Vinod's Blog
Random musings from a libertarian, tech geek...

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Tuesday, November 4, 2008 - 23:24 Permanent link for My New President
My New President

Congrats, good luck, and godspeed on starting the voyage of a lifetime.  We've witnessed history.

(HT:  Greg Mankiw for the image)


I thought Mccain's concession speech was classy and I particularly enjoyed this blurb from Obama's acceptance speech -

And to all those who have wondered if America's beacon still burns as bright – tonight we proved once more that the true strength of our nation comes not from our the might of our arms or the scale of our wealth, but from the enduring power of our ideals: democracy, liberty, opportunity, and unyielding hope.

As we chart a path moving forward, I also thought it would be worthwhile to dig up this "post election pledge" from back in 2004. 

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Sunday, November 2, 2008 - 10:00 Permanent link for SM Roundup - IV
SM Roundup - IV

Since most of my blogging activity has flowed over to Sepia Mutiny, it's time to post another round up here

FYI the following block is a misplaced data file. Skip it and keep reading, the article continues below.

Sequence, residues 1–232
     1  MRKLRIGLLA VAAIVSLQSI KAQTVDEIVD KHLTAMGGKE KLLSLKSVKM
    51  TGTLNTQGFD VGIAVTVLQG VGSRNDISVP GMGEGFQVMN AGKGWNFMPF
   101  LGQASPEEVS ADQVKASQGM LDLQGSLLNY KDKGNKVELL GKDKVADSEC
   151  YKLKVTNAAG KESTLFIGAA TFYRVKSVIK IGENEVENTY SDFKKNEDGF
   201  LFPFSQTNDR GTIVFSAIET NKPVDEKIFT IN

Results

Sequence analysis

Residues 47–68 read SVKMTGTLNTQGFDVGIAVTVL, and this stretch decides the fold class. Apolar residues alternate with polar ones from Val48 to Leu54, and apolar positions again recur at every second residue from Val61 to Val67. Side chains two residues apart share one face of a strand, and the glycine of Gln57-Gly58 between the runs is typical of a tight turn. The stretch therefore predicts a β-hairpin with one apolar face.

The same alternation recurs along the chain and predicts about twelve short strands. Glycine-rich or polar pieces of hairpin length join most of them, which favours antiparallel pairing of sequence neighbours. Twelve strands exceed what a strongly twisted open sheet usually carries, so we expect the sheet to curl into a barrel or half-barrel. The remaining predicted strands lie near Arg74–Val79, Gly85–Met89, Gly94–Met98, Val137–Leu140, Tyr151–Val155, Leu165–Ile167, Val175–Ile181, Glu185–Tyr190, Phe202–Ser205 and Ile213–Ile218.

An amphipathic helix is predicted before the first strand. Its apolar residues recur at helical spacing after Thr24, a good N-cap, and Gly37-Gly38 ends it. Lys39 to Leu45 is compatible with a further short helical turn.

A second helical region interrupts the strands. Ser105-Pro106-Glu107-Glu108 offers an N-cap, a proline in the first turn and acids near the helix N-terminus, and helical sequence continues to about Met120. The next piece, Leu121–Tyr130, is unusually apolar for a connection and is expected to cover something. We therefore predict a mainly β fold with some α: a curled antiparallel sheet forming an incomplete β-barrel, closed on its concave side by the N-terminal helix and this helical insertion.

I expended many bits looking at Microloans

Amit Singh hopefully represents a new breed of GOP candidate.  In addition to profiling him, he was gracious enough to sit down and answer a few mutineer submitted questions.
  SM played a small part in helping the community rally and register new south asian bone marrow donors.   Our inspirations in the fight were Vinay and Sameer who both, unfortunately succumbed to their cancers after a heroic fight.

Why hasn't more desi music crossed over into the West? One theory - it first needs to embrace postmodernism's cynical ethos.


How and property rights get established in Bangalore.   Probably not unlike the way they originally got established elsewhere.
How might an Obama presidency impact the Indian economy?
2008 Nobel Econ Laureate Paul Krugman on India.
An interesting illegal immigration story from New Zealand.
Defending Dictators & talkin bout Illiberal Democracy

Previous SM Roundups - 1, 2, 3.

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Sunday, August 17, 2008 - 10:20 Permanent link for Natural Ain't All It's Cracked Up to Be
Natural Ain't All It's Cracked Up to Be
Friday, July 4, 2008 - 10:00 Permanent link for How the Rich Spend Their Time
How the Rich Spend Their Time

The alternate, more provocative tagline for this blurb could be "The Rich Deserve their $$ because they work harder" -